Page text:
The Relationship Between Motivation, Self- Efficacy and Academic Achievement

Topics: Self-efficacy, Motivation, Educational psychology Pages: 12 (3777 words) Published: August 13, 2013
Bulacan State University
College of Social Sciences and Philosophy
City of Malolos, Bulacan

The Relationship between Motivation, Self- efficacy and Academic Achievement

Submitted by:
BS Psychology students 2B

Submitted to:
Ms. Josefina Ochoa
Department Head, CSSP

Introduction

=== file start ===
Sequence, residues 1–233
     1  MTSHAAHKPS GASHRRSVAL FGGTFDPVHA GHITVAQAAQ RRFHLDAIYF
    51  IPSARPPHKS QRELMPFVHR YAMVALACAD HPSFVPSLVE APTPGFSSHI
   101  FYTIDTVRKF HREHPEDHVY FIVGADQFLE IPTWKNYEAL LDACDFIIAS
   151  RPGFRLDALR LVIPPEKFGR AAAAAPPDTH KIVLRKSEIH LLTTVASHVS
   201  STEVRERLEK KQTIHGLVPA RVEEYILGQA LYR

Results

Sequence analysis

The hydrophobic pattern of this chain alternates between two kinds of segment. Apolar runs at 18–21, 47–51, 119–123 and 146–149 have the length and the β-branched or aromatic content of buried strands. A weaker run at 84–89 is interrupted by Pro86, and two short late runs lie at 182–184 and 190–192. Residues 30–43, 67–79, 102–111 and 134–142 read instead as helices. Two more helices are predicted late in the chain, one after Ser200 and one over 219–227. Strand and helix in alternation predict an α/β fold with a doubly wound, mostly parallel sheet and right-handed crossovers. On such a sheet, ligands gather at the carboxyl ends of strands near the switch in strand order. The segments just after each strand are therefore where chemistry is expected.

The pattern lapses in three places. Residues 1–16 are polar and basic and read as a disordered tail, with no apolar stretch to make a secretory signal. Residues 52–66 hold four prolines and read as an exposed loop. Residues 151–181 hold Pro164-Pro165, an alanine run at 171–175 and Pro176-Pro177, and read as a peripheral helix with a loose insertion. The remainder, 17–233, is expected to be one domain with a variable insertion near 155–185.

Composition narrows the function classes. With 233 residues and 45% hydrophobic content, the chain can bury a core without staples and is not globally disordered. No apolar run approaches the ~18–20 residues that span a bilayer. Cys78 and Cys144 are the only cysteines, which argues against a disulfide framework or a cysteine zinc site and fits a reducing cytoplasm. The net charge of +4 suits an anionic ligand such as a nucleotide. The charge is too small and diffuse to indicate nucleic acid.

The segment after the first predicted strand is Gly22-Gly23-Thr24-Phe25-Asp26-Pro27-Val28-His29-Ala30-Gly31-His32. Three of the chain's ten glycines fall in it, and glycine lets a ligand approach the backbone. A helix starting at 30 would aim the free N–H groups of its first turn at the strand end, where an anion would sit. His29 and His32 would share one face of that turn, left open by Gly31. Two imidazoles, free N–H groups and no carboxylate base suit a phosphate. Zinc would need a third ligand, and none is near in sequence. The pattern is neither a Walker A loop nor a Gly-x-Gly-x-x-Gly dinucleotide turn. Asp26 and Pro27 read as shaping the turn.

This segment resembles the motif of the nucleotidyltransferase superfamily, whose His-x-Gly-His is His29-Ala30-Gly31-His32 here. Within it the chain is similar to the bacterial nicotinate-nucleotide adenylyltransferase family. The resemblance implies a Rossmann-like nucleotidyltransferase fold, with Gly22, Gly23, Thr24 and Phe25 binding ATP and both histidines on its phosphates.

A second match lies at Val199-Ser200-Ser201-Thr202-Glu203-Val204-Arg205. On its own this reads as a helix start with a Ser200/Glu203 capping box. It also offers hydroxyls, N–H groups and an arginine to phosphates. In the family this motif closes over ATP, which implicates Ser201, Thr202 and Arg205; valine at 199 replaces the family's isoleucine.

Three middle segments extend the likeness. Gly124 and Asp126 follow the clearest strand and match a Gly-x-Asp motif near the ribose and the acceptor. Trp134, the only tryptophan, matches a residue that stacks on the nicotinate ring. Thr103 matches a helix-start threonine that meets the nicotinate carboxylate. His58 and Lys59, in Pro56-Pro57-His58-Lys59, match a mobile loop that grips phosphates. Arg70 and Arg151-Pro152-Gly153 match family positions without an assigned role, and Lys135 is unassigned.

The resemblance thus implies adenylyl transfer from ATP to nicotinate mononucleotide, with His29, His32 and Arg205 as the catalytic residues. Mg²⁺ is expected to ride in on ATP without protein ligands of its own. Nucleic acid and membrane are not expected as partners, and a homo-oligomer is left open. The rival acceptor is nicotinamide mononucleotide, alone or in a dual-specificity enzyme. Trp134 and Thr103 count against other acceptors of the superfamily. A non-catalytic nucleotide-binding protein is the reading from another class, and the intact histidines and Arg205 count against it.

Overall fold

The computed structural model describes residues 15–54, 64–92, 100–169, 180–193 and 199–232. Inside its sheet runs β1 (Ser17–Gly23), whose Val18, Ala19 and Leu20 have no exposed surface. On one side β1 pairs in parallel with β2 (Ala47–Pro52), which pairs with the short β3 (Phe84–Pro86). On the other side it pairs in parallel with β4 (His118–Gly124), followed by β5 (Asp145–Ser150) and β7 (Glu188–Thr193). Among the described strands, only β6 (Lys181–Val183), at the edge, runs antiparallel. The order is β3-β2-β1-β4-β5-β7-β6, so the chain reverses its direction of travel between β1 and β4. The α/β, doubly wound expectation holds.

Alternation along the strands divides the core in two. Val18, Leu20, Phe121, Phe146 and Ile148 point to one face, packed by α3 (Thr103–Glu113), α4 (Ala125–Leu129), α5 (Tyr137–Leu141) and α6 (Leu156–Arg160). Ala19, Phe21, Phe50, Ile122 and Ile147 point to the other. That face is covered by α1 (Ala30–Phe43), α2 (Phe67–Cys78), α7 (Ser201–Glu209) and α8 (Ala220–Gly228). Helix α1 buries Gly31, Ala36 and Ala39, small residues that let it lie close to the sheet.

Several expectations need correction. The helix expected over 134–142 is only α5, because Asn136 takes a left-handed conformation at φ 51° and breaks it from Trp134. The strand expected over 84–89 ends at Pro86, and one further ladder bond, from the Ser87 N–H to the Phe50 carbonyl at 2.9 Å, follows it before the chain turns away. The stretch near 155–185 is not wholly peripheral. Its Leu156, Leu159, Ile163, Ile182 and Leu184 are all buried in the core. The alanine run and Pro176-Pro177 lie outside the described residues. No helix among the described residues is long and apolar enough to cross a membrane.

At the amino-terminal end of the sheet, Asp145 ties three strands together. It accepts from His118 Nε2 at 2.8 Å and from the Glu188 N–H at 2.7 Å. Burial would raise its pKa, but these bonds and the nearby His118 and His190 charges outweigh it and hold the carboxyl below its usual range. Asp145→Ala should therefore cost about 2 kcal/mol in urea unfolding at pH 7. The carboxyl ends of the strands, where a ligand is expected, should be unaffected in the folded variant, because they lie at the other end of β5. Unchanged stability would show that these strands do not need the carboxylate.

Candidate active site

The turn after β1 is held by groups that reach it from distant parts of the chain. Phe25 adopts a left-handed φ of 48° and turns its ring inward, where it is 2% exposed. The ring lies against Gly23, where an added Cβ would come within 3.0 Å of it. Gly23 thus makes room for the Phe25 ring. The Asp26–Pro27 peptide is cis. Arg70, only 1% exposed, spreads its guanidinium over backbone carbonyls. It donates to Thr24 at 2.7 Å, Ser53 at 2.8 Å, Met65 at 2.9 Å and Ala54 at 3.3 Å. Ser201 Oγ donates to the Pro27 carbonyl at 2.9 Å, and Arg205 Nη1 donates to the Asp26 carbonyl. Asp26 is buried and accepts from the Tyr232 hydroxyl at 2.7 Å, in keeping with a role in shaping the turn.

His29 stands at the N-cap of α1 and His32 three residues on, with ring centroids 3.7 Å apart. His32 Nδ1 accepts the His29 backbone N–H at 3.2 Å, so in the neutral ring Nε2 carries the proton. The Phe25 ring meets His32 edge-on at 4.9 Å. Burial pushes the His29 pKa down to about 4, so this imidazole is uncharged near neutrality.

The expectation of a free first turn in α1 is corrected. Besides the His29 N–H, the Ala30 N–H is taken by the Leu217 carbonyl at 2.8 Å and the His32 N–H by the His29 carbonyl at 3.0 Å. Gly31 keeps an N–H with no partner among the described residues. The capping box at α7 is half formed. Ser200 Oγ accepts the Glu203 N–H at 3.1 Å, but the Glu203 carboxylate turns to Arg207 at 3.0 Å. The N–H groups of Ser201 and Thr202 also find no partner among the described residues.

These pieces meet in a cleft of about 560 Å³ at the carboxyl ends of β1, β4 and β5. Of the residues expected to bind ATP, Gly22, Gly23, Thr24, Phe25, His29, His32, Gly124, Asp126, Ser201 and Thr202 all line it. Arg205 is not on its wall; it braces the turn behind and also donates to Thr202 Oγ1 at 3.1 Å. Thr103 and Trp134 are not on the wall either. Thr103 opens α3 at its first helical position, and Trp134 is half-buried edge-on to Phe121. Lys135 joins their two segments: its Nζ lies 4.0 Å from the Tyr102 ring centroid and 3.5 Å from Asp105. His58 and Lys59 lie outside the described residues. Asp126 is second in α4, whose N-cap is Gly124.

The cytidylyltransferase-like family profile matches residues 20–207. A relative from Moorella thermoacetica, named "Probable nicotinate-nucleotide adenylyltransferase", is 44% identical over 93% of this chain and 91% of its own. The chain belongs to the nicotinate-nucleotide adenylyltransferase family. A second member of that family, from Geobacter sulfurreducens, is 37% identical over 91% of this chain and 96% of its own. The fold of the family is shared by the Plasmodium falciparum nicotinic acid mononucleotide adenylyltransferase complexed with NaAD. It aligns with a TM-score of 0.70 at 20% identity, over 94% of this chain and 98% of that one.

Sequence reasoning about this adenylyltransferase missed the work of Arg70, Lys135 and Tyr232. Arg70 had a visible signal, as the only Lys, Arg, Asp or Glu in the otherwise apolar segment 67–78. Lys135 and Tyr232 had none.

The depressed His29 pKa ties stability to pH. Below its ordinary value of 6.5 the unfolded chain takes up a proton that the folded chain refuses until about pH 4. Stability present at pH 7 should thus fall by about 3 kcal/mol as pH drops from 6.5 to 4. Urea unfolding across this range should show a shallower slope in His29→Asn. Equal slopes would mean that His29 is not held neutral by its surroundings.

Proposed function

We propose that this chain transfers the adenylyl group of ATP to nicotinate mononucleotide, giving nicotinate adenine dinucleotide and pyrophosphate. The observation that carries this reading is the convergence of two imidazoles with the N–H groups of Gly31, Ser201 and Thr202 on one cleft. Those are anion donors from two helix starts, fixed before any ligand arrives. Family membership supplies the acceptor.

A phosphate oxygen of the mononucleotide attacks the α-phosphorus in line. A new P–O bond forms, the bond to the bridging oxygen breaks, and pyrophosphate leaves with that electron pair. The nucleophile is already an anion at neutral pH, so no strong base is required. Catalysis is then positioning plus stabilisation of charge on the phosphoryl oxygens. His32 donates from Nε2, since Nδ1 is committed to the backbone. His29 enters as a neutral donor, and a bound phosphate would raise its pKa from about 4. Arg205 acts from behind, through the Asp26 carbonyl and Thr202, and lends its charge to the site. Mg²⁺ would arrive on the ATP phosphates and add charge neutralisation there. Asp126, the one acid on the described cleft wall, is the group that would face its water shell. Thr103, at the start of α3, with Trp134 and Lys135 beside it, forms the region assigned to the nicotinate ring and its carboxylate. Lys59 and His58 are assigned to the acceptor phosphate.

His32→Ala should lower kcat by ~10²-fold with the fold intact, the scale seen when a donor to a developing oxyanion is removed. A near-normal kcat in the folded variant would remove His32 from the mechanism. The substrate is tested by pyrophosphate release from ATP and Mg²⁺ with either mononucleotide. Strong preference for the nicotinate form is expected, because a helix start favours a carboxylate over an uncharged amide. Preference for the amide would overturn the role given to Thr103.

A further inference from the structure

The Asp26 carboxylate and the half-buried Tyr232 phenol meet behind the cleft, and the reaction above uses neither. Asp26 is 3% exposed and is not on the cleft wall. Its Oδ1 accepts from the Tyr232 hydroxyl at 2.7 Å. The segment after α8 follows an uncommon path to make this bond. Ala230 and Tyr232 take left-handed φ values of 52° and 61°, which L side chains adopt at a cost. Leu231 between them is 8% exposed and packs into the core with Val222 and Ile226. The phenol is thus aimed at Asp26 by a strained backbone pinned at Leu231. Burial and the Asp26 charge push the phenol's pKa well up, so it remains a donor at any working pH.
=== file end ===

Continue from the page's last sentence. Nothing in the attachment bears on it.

The realm of education may be compared to that of space. We believe that we have an understanding of its fundamental properties, yet there are vast areas still to be explored. This is a qualitative study which has been designed to explore the properties that cause students to become motivated towards learning. According to Deci and Ryan (2000), motivation is greatly appreciated because of the consequences: motivation produces. With increased emphasis on educational standards and high stakes testing educators are for ways to reach every student. Therefore, motivation is preeminent concern of educators. According to Pintrich (2003) it is important that those educators involved in various types of educational reform be cognizant of the problems with students’ motivational concerns. Through research it is the intent of this study to investigate the question, “What motivates students to learn and therefore achieve?” The findings may lead to strategies which can be used to educate teachers about motivational instruction. The importance of academic achievement to adult functioning and adjustment is evident. Children who fail to complete school work and homework are more likely to receive failing grades, be retained (Huffman, 2000), and experience difficulties in their peer relationships (Wentzel & Caldwell, 1997). This trajectory places them at greater risk for dropping out of school, later unemployment (Woodward & Fergusson, 2000), psychopathology (Velez, 1989), substance use (Kasen, 1998; Wichstrom,1998), teenage pregnancies (Feldman, 1990), and delinquent behavior (Yoshikawa, 1995). By virtue of its potential impact, academic achievement clearly warrants careful study. Numerous studies have examined factors related to children’s academic functioning. A key clinical contribution from this line of research is in the ability to identify and test the relationships of malleable environmental variables that influence academic functioning. Once these relationships are reliably established, the ability to improve children’s academic functioning by changing an environmental variable becomes a viable goal. Variables identified as related to academic achievement include discipline methods and parenting style (Dornbusch, 1987), homework behaviors and structure for learning Toney, Kelley, & Lanclos, 2003; Miller & Kelley, 1991); parent involvement (HooverDempsey et al., 2001; Keith et al., 1998), cognitive ability, (Cool & Keith, 1991; Neisser et al., 1996; Furnham, 1995), marital discord (Demo & Acock, 1988; Unger, McLeod, Broan, & Tressell, 2000; Forehand et al., 1990), psychopathology (Marmorstein & Iacono, 2004; Karustis, Power, Rescorla, Eiraldi, & Gallagher, 2000), and socioeconomic status (SES) (Blair, Blair, & Madamba, 1999; Hill, 2001). Although cognitive ability and SES are not amenable to treatment, their consistently reported relationship to academic achievement necessitates their inclusion in studies that measure factors related to academic achievement Most prominent health behavior theories include self-efficacy (or similar constructs). Self-efficacy is proximal and direct predictor of intention and of behavior. According to Social Cognitive Theory (SCT; Bandura, 1997), a personal sense of control facilitates a change of health behavior. Self-efficacy pertains to a sense of control over one’s environment and behavior. Self-efficacy beliefs are cognition that determines whether health behavior change will be initiated, how much effort will be expended, and how long it will be sustained in the face of obstacles and failures. Self-efficacy influences the effort one puts forth to change risk behavior...
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